Together with Rachmaninoff's four, the five Prokofieff piano concertos are the only two Russian cycles in the genre that have kept a foothold in the international concert hall.
Born in 1891, Prokofieff made his early career in the guise of a composer-pianist and up till his death in 1953; the instrument remained uppermost in the composer's affections. These pieces span a period of 20 years, 1912-1932, and are generally regarded as the product of an 'enfant terrible' who wanted to shock and surprise. All of these works impose huge demands on the soloist as the music is often stark, bizarre, extremely dissonant and grotesque, but they also include moments of respite and solace which are most welcome to both performers and audience.
The First and Third, are rightly so, the most popular of the five, but the other three are no less interesting, particularly the Fourth, which like Ravel's was composed for the left hand and was dedicated to Paul Wittgenstein. Unfortunately, the dedicatee never performed it, as he said; 'I cannot understand a note and I shall not play it'. The fourth remains to this day, the least popular concerto.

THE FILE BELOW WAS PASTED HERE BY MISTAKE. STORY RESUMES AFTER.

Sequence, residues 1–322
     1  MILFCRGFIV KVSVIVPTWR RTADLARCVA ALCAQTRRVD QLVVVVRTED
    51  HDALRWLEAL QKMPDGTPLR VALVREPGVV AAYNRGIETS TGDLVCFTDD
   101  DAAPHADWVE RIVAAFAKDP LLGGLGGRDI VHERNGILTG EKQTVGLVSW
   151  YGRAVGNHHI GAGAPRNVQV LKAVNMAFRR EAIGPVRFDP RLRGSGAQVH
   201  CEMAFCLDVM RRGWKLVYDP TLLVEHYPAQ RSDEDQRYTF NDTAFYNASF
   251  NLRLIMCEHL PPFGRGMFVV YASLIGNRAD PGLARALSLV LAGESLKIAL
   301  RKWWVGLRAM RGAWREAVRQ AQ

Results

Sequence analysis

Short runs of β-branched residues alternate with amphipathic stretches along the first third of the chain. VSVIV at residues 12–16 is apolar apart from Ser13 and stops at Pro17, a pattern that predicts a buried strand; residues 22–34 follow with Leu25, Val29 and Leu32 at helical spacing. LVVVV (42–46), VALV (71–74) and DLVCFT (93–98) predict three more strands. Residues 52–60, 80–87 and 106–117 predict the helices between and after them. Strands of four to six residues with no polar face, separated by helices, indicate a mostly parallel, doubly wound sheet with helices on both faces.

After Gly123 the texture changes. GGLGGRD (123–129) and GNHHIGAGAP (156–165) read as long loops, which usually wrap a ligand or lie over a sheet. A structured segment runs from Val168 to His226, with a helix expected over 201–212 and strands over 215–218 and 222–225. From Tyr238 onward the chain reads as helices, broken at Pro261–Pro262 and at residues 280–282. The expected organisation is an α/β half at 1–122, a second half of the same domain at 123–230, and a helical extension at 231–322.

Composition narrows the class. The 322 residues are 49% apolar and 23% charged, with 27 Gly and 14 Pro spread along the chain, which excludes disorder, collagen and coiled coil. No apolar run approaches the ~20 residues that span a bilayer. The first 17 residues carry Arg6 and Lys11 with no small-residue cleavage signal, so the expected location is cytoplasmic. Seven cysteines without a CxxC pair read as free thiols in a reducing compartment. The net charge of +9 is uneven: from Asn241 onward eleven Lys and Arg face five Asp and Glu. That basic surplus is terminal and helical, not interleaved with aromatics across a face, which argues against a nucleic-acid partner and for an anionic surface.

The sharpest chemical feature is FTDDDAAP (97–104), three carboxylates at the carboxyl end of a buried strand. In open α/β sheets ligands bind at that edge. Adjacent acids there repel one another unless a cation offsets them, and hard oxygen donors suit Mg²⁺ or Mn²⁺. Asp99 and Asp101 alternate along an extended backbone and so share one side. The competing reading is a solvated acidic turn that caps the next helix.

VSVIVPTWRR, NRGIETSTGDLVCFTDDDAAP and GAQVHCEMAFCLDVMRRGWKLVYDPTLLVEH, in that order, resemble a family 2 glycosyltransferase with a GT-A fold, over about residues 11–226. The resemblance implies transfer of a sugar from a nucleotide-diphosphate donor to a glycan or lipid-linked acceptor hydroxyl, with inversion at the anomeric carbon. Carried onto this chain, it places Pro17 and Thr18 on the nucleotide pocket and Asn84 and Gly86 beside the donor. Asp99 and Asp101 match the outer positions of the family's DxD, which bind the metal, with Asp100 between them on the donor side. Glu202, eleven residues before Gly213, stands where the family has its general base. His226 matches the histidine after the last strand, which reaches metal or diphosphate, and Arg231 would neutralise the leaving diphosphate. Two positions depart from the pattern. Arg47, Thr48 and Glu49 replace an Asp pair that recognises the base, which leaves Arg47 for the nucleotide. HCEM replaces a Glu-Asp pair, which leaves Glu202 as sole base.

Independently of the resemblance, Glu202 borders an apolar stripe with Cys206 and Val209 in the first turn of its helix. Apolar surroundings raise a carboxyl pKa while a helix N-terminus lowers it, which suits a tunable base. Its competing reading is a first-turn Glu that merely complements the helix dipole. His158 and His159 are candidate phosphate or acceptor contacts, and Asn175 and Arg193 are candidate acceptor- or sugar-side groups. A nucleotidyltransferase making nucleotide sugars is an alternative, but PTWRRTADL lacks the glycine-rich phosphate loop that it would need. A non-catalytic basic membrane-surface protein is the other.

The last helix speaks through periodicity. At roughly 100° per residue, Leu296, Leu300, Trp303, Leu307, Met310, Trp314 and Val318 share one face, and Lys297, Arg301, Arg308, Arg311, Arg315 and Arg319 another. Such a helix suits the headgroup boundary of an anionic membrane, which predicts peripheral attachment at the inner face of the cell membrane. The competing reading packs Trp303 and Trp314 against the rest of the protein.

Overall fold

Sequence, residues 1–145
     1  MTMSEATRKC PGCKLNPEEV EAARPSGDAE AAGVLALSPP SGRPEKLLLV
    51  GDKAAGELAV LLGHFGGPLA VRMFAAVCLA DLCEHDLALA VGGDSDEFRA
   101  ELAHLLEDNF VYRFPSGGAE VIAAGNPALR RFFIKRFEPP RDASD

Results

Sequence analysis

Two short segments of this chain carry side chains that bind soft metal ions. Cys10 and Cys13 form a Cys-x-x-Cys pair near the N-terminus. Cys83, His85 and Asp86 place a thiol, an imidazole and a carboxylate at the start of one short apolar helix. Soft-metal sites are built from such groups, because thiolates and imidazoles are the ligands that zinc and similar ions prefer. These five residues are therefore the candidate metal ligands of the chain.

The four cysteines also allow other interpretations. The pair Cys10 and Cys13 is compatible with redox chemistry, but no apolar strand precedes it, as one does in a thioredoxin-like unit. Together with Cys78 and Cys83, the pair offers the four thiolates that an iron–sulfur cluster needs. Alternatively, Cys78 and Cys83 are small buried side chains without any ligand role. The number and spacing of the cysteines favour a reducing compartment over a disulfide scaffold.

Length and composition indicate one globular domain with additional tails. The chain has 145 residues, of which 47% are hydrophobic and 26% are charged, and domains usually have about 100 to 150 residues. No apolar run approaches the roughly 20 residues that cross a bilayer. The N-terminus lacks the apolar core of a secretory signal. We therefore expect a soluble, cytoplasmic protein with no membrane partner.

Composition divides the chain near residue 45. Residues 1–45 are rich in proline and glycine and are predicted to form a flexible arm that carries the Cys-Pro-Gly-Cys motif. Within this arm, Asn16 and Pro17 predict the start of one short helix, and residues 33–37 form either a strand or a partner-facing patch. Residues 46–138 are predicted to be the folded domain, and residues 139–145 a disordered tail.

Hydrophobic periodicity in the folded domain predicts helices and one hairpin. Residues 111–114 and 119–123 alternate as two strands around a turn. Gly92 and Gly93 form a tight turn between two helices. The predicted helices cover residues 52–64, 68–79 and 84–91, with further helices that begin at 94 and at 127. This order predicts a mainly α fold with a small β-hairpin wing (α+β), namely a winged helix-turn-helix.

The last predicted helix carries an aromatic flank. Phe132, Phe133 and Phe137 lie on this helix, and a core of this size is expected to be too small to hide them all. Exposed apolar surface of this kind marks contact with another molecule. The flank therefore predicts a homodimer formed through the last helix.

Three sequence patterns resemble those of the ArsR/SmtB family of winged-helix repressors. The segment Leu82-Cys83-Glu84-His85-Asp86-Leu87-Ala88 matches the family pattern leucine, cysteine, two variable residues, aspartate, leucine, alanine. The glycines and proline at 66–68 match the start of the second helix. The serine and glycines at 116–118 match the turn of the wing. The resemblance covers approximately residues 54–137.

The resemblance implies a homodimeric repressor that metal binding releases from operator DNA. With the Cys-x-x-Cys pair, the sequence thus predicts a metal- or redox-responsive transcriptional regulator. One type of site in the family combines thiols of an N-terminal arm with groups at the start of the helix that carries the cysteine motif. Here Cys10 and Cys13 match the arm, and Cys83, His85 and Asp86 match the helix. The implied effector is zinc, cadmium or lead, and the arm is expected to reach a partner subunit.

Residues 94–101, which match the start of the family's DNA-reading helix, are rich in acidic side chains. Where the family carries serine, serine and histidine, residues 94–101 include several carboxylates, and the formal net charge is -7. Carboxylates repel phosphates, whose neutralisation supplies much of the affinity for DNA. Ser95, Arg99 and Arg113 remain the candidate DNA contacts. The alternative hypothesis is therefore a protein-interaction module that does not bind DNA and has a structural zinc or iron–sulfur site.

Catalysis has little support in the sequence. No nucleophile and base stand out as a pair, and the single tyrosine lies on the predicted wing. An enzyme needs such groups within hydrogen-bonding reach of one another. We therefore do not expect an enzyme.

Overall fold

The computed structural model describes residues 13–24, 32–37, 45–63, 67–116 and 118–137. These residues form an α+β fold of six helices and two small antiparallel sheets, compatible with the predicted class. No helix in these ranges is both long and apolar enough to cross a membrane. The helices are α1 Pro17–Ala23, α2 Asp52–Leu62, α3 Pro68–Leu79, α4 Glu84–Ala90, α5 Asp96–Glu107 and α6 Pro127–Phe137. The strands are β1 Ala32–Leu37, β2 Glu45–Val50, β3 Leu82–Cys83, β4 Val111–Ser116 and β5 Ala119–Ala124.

The Baku born Oleg Marshev has come in for high praise for his previous recordings of Shostakovich and Rachmaninoff concertos, both for Danacord and I find his Prokofieff very much in tine with the composer's wishes. Extrovert and virtuosic, he is always in control of this difficult music and his pianism is overflowing with that Russian passion which stirs both mind and spirit. Niklas Willen's conducting is very sympathetic towards the soloist but the orchestra is always allowed to shine when the occasion warrants it. Excellent sound and annotations complete this valuable set which should go a long way in giving us a chance to assess afresh these benchmark 20th century masterpieces.
Copyright © 2005, Gerald Fenech